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Our “Autism Through The Alphabet” ABC-style flashcards were created to:
- Support and promote positive awareness, acceptance, representation, and inclusion
- Encourage neurodivergent and neurotypical children and their families to find healthy ways to relate and connect with each other
- Strengthen kindness
- Facilitate healthier conversations and interactions
- Open the door for autistic children to build a positive identity which can lead to self-advocacy
Follow Jaiden, along with some family and friends, through the alphabet and learn more about Autism along the way! These flashcards have colorful illustrations and represent a diverse spectrum of people with Autism. They contain useful information about general Autism terms and experiences with the goal of teaching people how to better support, connect with, and understand autistic children. These cards also creatively demonstrate different scenarios for participants to examine and learn from. When placed side by side, they can create a story about what Autism can look like.
Who Can Use Our Flashcards
Anyone that wants to better understand some general and common Autism experiences or better support autistic children can use these flashcards. While someone may not relate to all of them, if they can find at least one experience or illustration that can remind them of something that they've gone through, or are currently experiencing, then they could feel more seen, which is very important to us. It also helps provide a foundation for autistic children to learn more about themselves and encourage them to become self-advocates, which comes from self-understanding, self-awareness, and self-confidence.
Siblings and classmates of autistic children can use these flashcards to learn more about their autistic sibling or classmate and better understand why they do some of the things that they do. Our flashcards can help answer questions for them like:
- “Why does a parent have to stick to a certain routine for that sibling?”
- “Why is this classmate only repeating certain words or phrases they hear?”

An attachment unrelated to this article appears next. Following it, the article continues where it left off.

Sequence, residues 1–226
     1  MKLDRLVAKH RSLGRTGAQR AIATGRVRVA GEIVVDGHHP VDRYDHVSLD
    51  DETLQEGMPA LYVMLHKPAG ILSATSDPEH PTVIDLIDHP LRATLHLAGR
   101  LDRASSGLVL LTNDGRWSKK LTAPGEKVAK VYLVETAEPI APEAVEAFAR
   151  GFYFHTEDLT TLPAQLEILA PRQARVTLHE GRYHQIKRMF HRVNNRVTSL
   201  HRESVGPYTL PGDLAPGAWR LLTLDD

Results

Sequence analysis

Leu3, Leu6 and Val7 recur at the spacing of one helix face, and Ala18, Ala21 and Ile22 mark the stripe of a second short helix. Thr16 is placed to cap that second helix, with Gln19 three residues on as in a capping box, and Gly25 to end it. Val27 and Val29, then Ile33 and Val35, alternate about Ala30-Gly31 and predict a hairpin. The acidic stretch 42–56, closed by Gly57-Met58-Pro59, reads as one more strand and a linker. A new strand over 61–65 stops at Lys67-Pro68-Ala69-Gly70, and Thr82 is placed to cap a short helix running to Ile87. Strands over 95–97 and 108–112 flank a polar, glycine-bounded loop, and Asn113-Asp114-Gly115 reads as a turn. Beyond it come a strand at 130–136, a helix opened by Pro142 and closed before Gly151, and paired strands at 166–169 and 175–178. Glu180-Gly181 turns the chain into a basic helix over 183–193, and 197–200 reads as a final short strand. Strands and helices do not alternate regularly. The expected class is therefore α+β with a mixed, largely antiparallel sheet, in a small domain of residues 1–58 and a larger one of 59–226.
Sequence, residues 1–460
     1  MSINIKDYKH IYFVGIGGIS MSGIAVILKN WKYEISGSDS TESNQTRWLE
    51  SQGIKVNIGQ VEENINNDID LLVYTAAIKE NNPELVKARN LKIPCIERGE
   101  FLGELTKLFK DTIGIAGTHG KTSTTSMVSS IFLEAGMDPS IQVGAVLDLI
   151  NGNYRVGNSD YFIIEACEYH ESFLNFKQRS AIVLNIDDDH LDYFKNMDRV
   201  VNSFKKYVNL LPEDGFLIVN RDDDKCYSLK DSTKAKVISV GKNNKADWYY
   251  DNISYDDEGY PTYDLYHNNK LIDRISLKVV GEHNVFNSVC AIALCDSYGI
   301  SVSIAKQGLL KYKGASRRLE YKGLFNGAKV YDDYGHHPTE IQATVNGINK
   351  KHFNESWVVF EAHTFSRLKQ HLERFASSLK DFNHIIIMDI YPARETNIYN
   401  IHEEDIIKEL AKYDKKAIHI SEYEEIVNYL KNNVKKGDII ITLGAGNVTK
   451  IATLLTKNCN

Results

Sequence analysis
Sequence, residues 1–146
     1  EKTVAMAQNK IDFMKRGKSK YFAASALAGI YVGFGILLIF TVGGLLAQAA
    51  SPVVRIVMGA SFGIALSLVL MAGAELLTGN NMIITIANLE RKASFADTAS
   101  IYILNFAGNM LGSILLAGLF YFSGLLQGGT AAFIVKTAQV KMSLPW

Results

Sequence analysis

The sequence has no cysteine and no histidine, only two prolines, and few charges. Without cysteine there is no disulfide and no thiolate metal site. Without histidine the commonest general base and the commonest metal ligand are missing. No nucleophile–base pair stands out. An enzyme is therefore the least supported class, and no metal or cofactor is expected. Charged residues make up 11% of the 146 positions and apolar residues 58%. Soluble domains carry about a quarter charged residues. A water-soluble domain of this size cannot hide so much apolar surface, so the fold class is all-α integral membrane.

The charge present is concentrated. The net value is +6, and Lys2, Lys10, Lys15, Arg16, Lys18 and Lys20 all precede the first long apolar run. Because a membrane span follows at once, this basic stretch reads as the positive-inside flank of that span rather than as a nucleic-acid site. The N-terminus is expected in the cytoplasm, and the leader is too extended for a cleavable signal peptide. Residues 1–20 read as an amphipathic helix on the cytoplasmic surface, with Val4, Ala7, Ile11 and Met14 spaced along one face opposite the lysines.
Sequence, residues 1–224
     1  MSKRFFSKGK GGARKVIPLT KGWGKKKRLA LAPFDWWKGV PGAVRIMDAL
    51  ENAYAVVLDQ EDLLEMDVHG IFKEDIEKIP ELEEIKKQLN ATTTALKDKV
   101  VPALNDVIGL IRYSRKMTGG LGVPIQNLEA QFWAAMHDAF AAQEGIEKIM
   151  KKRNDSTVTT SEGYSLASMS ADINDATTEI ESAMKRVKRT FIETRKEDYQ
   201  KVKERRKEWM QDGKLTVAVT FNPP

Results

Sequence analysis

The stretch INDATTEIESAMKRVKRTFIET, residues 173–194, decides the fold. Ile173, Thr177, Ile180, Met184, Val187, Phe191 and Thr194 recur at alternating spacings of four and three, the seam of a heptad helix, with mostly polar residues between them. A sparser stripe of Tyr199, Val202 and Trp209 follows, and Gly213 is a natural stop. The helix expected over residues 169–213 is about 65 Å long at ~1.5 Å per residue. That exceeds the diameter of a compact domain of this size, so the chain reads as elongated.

- “Why doesn’t my sibling/classmate speak?”
- “Why do they always seem to line up their toys?”
- “Why do they flap their hands or make that sound randomly?
They may have heard the answer before, but now they have a better understanding of what it is through a visual aid and a written example spoken mostly from the perspective of another child that has Autism. We want them to know that these actions aren’t bad and shouldn’t be judged, they’re just different.
How To Use Our Flashcards
Here are a few different ways you can use these flashcards!
1. Some flashcards come with prompts that invite and allow users to participate in order to better understand the term. For example, the Letter F which is for Focus, teaches you how to do a belly breath which is a helpful way to regain focus.
2. You can use these flashcards to create a fun memory game. You can either do it as a “words of the day” style where you read over a select number of flashcards at a time so as to not overwhelm participants, or you can do this activity using all 27 flashcards in one game- then while the flashcards are flipped to the back with just the letters facing up, you can give a description/quote from a specific flashcard as participants try to remember the correct term on the front of the flashcard.
For example, let’s try the Letter C flashcard which is Communication. I would have the flashcard with just the letter facing up on a flat surface and I would say, “This can be different for everyone. Some people can speak, some can't, and both are okay” as the description for the term that is on the front of the flashcard, without saying what the actual term is. This is a great way to ensure genuine comprehension and connection to the content of the flashcards.
3. You can simply have them on hand for easy access in real-life scenarios that they can be helpful in such as when there’s an autistic sibling in a home, an autistic classmate at a school, or even during traveling.
Say there’s a situation where an autistic child stims often and there are other children that aren’t used to it and don’t understand what’s happening. If one of those children were to come up to you and ask questions about what stimming is, or even if you observe that it would be a good learning opportunity, you can pull out that specific flashcard for that scenario, which in this case, would be the Letter S for Stimming, and read it to them to help them better understand why it’s an important part of that autistic child's daily life.
- 27 Flashcard Deck
- Dimensions: 3.5” x 5"
- Custom two-piece box to store flashcards
- Created by Jai At Play
- Illustrated by Afif Amrullah & Jai At Play
Bonus card: In case you were wondering why there are 27 flashcards instead of 26, there are two flashcards for the letter S in this deck! Both words are equally important to the Autism experience and journey, so we’ve created au-some illustrations for both of them.